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U.S. Shale Boom Is Saving the World $5 Billion a Day

Posted by Tom Giovanetti | Comments | September 16, 2014

Interesting piece in Quartz about how the U.S. shale revolution has dramatically stabilized world oil and gas prices, saving the world almost $5 billion every day:

Oil prices continue to plunge today despite the beheading of another western hostage by the Islamic State, tensions between Russia and the West, and mayhem in Libya. As Quartz has reported, one of the main reasons is surging US oil production, which has made up for supply disruption almost barrel for barrel—and is also a bad sign for the leaders of petrostates.

Now we have an estimate of where oil prices might have been absent the American oil boom—a sobering $150 a barrel, former BP CEO Tony Hayward told the Financial Times (paywall).

That’s 55% higher than the current benchmark price of $96.27 that was trading in Asia this morning. If Hayward’s number is right, it means that the US boom is saving the global economy about $4.9 billion a day in oil spending. Global consumers currently demand about 92 million barrels of oil a day, and without the extra US supply the market would be about 3 million barrels short, sufficient to send traders into a frenzy bidding up the price.

Since 2011, US oil production has soared by about 3 million barrels a day, to about 8.5 million barrels, thanks mostly to the technique of hydraulic fracturing in shale oil fields. That is just a bit less than the volume of oil production that has been persistently off line since the 2011 Arab Spring ushered in the three-year wave of unusual oil disruptions the world has experienced. When you add in a 1-million-barrel-a-day rise in Canadian oil production in the same time period, North America as a region has swamped the lost barrels.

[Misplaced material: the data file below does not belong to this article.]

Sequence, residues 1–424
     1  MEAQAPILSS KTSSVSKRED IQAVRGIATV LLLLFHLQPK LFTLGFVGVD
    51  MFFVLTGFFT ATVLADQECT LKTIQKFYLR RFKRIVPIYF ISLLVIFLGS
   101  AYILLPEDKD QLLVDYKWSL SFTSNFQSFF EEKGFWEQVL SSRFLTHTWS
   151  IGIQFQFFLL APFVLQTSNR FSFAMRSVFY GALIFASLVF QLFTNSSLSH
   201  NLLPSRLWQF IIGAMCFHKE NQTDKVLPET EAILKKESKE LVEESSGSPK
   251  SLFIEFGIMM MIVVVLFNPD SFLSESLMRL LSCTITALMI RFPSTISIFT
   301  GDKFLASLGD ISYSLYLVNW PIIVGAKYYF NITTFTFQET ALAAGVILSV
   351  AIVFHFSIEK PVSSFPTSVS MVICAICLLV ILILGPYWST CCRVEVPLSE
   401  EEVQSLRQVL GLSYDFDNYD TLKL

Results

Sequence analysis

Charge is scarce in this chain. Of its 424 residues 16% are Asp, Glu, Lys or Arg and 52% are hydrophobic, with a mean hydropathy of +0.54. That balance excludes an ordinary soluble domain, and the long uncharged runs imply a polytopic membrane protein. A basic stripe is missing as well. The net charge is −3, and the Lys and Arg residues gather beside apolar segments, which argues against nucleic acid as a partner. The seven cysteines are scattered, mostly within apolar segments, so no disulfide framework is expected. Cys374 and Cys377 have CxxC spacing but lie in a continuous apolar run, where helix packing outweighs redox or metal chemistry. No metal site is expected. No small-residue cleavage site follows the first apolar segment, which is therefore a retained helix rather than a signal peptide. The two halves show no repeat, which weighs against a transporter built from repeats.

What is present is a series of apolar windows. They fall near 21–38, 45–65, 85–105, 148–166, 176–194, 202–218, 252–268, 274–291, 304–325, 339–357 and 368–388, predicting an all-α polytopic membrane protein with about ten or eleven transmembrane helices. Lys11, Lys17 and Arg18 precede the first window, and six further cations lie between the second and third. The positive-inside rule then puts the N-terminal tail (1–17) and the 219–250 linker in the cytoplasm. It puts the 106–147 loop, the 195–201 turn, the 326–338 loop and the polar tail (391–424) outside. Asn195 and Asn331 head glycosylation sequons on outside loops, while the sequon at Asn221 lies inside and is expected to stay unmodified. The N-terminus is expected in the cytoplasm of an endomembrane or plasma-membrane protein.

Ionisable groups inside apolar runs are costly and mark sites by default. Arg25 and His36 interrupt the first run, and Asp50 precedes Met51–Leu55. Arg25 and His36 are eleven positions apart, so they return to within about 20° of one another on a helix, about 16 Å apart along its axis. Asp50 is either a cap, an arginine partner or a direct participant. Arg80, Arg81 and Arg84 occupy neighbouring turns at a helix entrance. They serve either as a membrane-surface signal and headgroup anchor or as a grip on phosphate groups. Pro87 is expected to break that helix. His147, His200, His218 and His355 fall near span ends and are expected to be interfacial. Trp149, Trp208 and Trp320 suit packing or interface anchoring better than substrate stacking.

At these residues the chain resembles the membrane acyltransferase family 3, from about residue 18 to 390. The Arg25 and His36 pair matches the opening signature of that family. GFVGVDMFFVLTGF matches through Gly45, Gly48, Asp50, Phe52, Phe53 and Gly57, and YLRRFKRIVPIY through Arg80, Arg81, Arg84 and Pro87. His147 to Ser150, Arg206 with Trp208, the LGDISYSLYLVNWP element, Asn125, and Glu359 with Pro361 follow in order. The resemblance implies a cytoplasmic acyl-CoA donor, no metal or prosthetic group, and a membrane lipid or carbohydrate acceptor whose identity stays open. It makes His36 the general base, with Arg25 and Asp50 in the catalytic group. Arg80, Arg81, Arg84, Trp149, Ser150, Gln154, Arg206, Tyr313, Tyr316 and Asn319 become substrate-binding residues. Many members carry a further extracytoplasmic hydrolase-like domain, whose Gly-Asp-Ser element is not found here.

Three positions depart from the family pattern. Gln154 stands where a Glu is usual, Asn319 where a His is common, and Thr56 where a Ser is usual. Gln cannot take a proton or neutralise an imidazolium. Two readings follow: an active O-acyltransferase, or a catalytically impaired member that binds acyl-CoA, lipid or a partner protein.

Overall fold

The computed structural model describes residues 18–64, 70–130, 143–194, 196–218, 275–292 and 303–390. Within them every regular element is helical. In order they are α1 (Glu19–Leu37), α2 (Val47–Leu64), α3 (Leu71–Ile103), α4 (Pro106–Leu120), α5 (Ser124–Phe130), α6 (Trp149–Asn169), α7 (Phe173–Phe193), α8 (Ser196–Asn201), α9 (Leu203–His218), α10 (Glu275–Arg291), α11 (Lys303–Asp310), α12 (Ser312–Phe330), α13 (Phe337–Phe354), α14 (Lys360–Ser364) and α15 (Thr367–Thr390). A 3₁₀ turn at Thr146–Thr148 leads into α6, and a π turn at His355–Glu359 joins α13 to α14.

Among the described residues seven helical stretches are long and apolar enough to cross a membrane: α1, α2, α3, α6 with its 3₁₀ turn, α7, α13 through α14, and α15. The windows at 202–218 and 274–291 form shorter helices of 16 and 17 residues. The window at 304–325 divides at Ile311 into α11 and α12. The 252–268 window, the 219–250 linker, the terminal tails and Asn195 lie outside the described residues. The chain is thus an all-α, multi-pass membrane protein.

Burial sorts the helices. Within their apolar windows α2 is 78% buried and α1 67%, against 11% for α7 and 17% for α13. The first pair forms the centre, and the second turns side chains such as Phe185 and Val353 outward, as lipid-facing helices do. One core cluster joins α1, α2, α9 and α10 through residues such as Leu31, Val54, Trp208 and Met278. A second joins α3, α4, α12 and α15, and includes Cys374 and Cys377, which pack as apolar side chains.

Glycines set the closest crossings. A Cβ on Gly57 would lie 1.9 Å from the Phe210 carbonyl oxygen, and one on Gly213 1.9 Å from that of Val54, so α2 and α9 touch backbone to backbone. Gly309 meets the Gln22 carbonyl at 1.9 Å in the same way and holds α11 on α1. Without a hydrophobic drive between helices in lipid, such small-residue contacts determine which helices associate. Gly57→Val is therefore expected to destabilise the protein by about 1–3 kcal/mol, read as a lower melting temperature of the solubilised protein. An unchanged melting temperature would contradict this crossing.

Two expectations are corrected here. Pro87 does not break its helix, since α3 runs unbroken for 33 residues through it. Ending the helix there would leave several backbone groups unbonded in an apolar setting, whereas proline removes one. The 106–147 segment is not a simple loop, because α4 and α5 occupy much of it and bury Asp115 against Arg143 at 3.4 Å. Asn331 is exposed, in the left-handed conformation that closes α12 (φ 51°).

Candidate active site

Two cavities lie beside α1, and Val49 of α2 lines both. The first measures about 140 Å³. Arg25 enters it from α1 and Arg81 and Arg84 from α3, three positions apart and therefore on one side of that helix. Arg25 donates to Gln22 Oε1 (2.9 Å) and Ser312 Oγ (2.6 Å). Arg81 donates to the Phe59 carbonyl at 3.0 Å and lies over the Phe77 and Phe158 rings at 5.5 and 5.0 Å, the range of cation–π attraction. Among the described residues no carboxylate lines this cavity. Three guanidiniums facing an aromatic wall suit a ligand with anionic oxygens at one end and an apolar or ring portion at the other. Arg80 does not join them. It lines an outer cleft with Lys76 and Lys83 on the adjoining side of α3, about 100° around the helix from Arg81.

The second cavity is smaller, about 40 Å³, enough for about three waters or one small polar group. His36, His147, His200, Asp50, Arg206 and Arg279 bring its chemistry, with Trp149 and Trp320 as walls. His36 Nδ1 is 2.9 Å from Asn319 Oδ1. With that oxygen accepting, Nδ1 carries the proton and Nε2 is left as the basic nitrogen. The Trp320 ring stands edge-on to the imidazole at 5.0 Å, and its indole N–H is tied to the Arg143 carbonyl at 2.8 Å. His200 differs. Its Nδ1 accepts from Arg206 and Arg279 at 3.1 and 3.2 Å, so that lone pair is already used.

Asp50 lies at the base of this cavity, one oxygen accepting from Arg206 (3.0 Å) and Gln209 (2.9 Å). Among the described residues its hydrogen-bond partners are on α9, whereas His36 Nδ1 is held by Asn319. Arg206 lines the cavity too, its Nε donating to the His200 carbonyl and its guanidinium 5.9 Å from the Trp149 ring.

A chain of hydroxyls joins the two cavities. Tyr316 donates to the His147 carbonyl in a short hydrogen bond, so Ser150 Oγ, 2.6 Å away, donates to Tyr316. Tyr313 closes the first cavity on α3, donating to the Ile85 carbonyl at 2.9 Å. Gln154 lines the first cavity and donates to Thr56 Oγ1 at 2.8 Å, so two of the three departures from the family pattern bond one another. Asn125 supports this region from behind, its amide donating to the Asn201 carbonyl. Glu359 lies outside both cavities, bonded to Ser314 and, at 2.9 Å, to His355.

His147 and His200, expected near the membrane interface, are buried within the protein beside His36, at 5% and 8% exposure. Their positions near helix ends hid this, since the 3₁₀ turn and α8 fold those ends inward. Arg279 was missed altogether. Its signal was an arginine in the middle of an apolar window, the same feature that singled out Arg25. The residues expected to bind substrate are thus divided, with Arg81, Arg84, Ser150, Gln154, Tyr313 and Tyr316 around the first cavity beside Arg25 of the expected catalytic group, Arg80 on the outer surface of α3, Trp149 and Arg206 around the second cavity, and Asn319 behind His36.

Quotes from UNT Prof. Adam Briggle that Undermine his Call for a Ban on Fracking in the City of Denton, Texas

Posted by Tom Giovanetti | Comments | September 3, 2014

Last night I had the pleasure of taking part in a debate over the proposed ban on fracking in the City of Denton, Texas. My debate partner was Dr. Ed Ireland of the Barnett Shale Energy Education Council, and our opponents were Professor Adam Briggle of the University of North Texas, and Calvin Tillman, the former mayor of DISH, Texas.

My side was in favor of energy exploration and opposed to the ban on fracking.

During my research for the debate I found a number of articles by Prof. Briggle where he expressed sentiments that were often reasonable and that thus undermined his case for the fracking ban. I used a few of these quotes in last night’s debate, but not all of them.

Some folks have asked me for copies of those quotes, so I’m reproducing them here, with links to their sources. Read More >>

Muni Broadband Isn't About the Unserved

Posted by Tom Giovanetti | Comments | August 28, 2014

Independent, Technical, Multistakeholder Organizations that Have Become Part of the United Nations

Posted by Tom Giovanetti | Comments | August 26, 2014